In an aviation MRO supply chain there are  complexities, which come from a multitude of dimensions namely, the part’s modification status, the part’s applicability to airplanes in the customer’s fleet, the material class, the lead time for procurement, repair turn-around-time, the probability of time to failure, and the part’s criticality to the operation of the aircraft.
In this section we visit the supply chain challenges but more from an aviation MRO supply chain perspective.
Visibility and Flexibility
Today’s MRO providers are offering a basket of services. These services have been developed by augmenting in-house capabilities and / or by the integration of the supply chains with other third-party service providers. In the latter case, an MRO may outsource certain maintenance/repair tasks to other vendors.
Apart from this, a global organization means that this supply chain may be spread across multiple locations and even geographies. The ability to view and monitor the supply chain processes end-to-end can be a serious challenge. This visibility would mean the spares at not just the main base but also the forward deployment depots, in transit, at suppliers and at customer sites. From a production perspective, it refers to the parts in process of repairs at in-house repair shops or at third-party repairs.
The flexibility of the supply chain is its ability to respond to market dynamics in the most efficient manner. For this there is a need for the supply chain planners to receive real-time or close to real-time inputs from within the supply chain processes and also the customers, social networks for market changes and competitors offerings.
In the present situation or business context supply chains are not able to offer uniform and consistent service to customers i.e. airlines. This results from a lack of seamless information flow, caused by disparate systems, ageing technologies, and not so easy to interface systems: the upshot is that supply chains have lost their effectiveness.
Supply chain users in various roles have not just been missing pieces of information, but have also been conflicting in nature. In the aviation MRO, we see inventory complexity arising out of parts serviceability status, the modification status, and traceability of technical data e.g. TSN (time since new), CSN (cycles since new), and TSO (time since over-haul), which are incidentally also mandatory regulatory requirements.
This variety in the data requirements for managing the supply chain, and on the other aspect the voluminous  real-time sensor data coming from in-service airplanes (and components), are neither organized nor harmonized to integrate seamlessly in a way that can facilitate the drawing of insights or reacting to, if not to preempting, a service disruption in time. This also extends to developing business insights that will allow for organizational changes in the strategy. Most times the data received from the aircraft is deposited and analyzed in system that is separate from the supply chain and planning systems.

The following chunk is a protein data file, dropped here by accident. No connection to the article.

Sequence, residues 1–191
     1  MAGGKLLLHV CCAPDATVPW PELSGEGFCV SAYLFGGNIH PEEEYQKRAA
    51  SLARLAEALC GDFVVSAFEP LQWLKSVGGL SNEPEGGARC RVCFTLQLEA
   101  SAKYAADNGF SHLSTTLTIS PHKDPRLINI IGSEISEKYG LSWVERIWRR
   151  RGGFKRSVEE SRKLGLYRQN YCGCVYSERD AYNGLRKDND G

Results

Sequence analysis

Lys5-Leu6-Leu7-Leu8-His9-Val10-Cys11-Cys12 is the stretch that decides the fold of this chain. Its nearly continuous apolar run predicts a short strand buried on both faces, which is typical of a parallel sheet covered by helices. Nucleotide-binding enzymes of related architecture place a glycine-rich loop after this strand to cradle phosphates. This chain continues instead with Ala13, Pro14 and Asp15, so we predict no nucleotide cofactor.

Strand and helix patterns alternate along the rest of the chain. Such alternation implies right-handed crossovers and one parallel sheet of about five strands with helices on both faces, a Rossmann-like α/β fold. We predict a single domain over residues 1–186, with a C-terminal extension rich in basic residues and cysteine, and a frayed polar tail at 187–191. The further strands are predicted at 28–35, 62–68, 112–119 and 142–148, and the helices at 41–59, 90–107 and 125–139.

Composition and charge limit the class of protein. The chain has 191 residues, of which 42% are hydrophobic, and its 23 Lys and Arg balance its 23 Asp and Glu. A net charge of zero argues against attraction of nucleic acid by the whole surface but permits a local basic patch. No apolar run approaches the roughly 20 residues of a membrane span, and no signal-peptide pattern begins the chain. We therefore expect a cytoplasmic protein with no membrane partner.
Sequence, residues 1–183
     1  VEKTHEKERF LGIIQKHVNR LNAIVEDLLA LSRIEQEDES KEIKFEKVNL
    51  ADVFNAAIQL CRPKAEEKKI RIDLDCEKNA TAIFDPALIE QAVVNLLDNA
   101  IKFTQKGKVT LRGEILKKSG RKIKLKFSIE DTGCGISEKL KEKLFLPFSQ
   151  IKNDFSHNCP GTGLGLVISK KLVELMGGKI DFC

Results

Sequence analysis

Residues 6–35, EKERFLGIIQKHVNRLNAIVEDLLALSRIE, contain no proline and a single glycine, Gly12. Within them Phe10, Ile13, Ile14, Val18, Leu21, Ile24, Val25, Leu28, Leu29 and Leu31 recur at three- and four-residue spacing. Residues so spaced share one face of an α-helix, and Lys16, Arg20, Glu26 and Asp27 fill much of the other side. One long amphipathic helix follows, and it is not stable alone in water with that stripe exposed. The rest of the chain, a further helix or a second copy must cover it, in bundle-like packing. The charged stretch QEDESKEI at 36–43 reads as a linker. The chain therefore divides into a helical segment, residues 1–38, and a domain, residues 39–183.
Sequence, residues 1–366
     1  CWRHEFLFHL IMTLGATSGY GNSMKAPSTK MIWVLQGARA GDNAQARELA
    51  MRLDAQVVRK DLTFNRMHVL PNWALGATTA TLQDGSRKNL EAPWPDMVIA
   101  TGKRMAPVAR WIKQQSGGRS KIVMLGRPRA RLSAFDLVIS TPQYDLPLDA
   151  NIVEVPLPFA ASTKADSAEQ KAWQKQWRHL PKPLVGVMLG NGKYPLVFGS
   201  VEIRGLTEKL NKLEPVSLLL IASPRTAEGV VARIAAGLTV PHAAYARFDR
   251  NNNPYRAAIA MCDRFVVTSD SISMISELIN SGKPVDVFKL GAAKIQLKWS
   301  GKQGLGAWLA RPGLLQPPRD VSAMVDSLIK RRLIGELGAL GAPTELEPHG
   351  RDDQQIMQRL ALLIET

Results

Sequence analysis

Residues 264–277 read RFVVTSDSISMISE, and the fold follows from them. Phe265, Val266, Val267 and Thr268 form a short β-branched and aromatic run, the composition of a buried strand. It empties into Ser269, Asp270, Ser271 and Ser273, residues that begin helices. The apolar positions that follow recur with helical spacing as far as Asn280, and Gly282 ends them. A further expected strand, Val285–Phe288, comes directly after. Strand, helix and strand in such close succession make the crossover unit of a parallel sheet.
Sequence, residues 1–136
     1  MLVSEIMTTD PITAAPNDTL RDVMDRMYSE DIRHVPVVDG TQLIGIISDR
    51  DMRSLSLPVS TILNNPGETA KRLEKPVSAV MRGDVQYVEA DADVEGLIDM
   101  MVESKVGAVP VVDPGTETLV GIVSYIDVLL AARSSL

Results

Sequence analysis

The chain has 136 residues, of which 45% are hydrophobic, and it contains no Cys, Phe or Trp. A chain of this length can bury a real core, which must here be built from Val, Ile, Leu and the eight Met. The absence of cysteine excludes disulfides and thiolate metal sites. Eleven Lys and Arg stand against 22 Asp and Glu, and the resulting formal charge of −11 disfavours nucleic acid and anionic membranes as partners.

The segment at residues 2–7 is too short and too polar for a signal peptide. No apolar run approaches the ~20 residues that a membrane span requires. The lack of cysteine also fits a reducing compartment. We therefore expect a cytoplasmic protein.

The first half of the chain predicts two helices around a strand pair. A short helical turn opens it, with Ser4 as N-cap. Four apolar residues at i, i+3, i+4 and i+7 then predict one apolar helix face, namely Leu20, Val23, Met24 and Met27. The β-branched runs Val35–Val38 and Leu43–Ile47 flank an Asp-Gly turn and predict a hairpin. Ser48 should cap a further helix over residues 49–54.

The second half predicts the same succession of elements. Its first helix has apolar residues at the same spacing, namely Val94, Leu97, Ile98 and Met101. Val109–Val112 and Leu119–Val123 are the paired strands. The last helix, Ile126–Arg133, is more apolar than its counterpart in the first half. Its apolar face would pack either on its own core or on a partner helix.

The business needs to manage the entire supply chain at a uniform cadence, and in harmony with its different parts, with data that is able to offer meaningful insights and is tailored to individuals along the supply chain. Where management is by exception, when there is a service disruption along the supply chain, the systems are not able to provide alternative course of action.
Reducing the Cost of Operation
In the present business environment, the costs or the efficiency of a supply chain is under pressure as customers demand better services at lower costs. This is made difficult with borders between an OEM, the supplier, and an MRO, dissolving as each tries to either scale their business by forward or backward integration. The business is now morphing into a scenario where it’s the performance of the supply chains between competing aviation MRO suppliers that is going to decide to whom the business will divert.
The challenge now lies not in the ability to provide services (inventory and technical engineering) but the ability to deliver on the goals of a supply chain (integrated or self-sustained), which is to offer the highest service level or remain within the SLA (Service Level Agreements) at optimal investments in spares and inventory, low working capital requirements, and the highest effectiveness i.e. ability or, more appropriately, the agility to respond to customers with tailored solutions.
The goals of a supply chain are made complex for the aviation MRO business, due to the spare-parts requirements. These requirements include inventory sizing to match the customer’s (i.e. airline’s) in-service fleets and new aircraft types that will come into operation, withdrawing obsolete parts, introducing programs for parts modifications / upgrades, and dynamically re-positioning spare-parts and services within the supply network from warehouses, main bases depots, forward deployment depots, or suppliers to the closest point of its use or potential use.
Also, for repairs, it’s to identify the shop that is capable of performing the repair and also route the part from the customer location to the repair facility and back to inventory (either internal or customer). At a strategic level one of the supply chain challenges are with the warehousing location, and the levels of inventory to maintain, when time to market are critical.